Also make sure you know about the Space Matrix.  It's that method of organizing adjacency requirements using solid black dots and a diagonal grid.  It's actually really easy to use, but I had never in my life seen it before until I started studying for the test. 

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    Scott Barber

    Hey David, thanks for sharing your input. I read through your post a couple weeks ago, but the comments above were the first ones that I saw that stated they disliked using the Problem Seeking book, so I was curious if there was another source that was better. I think your point (here and in your previous comment about your approach) about practice is definitely good to keep in mind. Thankfully I'm familiar with the space matrix for adjacency (from school, not work), but it never hurts to get more practice with those types of problems..

    My impression for this exam is that the questions aren't necessarily that difficult, they just take time. It seems like it's a manner of solving puzzles, going through a process of elimination figuring out programming based on criteria provided. My assumption is that this is why many people are very close on time - it just takes a couple minutes for those types of questions to read through and answer carefully. I know when I've had those kinds of questions in the past, they were pretty simple but took some time. 
    If that's the case, practice could certainly be more important than reading a book of fluff...does that sound like a fair assumption?

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    David Kaplan

    ^^^100% agree with everything you said above.  I ended this test with about 6 minutes leftover and only had time to check the ones I had marked.  It was my first 5.0 test, but I think it was more that each of these types of questions takes time.  You have to go through all the adjacency requirements and then think about how to lay things out.  Takes time.  Not hard though at all.  I can't stress enough that if you just follow the directions you really can't mess it up.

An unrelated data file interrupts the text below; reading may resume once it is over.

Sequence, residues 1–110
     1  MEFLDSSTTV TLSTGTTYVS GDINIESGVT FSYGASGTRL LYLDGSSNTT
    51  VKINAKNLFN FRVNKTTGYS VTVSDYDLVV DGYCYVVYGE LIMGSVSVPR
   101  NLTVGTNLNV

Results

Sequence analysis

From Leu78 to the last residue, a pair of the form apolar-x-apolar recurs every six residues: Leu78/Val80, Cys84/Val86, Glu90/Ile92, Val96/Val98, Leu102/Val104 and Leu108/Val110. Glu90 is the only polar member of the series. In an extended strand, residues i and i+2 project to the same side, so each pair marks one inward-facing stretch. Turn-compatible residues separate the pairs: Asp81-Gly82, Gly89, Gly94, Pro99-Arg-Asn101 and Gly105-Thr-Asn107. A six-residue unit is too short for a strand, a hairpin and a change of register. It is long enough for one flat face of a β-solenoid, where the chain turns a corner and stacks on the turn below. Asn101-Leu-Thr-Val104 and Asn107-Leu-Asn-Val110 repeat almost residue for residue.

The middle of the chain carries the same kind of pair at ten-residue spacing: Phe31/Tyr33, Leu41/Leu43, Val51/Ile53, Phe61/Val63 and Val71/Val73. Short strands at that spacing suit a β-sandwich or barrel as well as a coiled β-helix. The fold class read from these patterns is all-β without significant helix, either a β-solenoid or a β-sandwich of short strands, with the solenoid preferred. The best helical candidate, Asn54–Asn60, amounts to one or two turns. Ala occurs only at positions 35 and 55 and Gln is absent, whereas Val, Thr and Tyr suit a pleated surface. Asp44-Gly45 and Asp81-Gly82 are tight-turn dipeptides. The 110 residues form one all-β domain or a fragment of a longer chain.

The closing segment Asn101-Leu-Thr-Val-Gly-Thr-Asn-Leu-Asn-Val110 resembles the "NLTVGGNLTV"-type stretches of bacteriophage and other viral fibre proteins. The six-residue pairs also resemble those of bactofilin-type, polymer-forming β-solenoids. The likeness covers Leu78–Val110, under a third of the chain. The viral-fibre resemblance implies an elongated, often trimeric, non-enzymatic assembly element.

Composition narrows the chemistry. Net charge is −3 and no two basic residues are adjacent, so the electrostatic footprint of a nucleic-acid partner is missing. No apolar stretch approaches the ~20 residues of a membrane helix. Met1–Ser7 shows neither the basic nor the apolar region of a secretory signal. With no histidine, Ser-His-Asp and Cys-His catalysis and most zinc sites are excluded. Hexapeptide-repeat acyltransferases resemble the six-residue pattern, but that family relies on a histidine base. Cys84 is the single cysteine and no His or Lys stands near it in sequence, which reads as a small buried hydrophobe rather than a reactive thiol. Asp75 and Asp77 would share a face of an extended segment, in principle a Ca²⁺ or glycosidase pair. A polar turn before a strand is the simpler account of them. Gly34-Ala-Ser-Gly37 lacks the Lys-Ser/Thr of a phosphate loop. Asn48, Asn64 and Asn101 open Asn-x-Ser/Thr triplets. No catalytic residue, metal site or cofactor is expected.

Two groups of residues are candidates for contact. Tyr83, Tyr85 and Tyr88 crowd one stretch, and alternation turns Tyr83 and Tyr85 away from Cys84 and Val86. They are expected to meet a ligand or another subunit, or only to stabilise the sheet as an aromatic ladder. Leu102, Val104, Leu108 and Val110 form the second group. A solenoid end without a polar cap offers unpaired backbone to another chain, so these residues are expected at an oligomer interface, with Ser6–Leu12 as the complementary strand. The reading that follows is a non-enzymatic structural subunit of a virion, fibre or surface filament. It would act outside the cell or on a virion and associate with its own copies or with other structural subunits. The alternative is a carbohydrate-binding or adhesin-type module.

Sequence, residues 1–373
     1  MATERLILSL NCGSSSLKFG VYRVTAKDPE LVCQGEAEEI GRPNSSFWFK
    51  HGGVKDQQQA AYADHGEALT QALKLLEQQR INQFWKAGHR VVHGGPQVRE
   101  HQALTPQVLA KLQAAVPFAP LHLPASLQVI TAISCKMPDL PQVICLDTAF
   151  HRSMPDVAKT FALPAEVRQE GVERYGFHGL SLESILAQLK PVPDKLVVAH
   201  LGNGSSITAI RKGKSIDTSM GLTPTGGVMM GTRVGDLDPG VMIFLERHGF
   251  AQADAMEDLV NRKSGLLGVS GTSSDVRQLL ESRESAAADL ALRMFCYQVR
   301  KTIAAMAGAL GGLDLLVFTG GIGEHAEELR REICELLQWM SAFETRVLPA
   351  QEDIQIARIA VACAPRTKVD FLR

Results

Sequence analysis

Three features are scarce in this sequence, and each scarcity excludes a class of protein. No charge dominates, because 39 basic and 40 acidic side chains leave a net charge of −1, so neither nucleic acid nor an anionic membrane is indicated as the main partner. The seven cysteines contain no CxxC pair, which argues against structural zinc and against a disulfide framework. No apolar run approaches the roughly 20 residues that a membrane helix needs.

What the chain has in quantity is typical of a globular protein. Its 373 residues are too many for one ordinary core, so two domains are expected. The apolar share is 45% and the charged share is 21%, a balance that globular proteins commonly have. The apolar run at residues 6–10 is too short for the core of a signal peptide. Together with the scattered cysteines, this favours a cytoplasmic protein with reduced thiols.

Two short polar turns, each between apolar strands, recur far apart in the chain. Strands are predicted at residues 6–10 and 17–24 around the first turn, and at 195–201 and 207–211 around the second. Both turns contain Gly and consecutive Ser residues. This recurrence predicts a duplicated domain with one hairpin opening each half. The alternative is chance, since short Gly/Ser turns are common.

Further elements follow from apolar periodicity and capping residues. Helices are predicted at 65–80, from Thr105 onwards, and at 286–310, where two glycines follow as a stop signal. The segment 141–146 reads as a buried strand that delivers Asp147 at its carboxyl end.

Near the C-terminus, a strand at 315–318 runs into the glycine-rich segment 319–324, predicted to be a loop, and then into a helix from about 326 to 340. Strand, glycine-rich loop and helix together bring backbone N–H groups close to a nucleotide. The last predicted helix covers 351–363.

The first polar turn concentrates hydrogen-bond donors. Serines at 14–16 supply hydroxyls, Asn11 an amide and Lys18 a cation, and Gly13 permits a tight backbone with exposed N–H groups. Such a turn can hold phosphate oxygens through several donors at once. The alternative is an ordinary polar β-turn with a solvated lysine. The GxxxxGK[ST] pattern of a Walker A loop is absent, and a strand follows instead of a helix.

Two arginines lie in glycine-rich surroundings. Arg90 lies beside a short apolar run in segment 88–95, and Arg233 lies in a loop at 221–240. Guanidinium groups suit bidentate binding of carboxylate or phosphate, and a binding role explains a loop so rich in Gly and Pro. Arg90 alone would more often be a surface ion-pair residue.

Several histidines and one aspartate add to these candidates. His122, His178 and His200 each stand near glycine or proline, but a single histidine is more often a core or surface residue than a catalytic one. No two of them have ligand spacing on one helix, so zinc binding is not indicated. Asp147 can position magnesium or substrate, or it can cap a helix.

The building siting type questions that you got for PPD will apply here as well, but keep in mind that Zoning and Efficiency will be present here (I didn't have so much of that on PPD). 

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    Scott Barber

    Sounds good, thanks David. I still have 3 weeks until I take PA which feels like plenty of time, I just want to make sure I don't waste my study time before then. I definitely need a refresh on zoning/efficiency/FAR, too. 

     

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    Susan Scarlet-Macaw (Edited )

    Scott,

    I have been reading Problem Seeking 5th ed. in more depth and I think they have good explanations of Building Efficiency Factors pg 100, Cost Estimate Analysis pg 104, On problem Statements, Pages 124-145 gives examples that could help the  answer questions from Building Analysis and Programming section 4.1.

    Overall, I think the book is best starting on Part 2. 

    Floor Area Ratio = (gross floor area of the building)/(area of the plot). Floor area ratio is to limit urban density. For example if a lot must adhere to a 1 FAR then the total area of all the floors in the building must not be more than the area of the lot. If the lot is 10,000sf, the building cannot exceed 10,000sf. Since must jurisdictions have setbacks, you must subtract the areas that you are not allowed to build, then you have the allowable building area, if the allowable building area is 7,000sf then you can have a second story with 3,000sf. accomplishing the full 10,000sf of allowable square feet for that site.

    If the FAR is 0.1 then you are only allowed to build one tenth the area of the lot. The area of the building cannot exceed 1,000sf.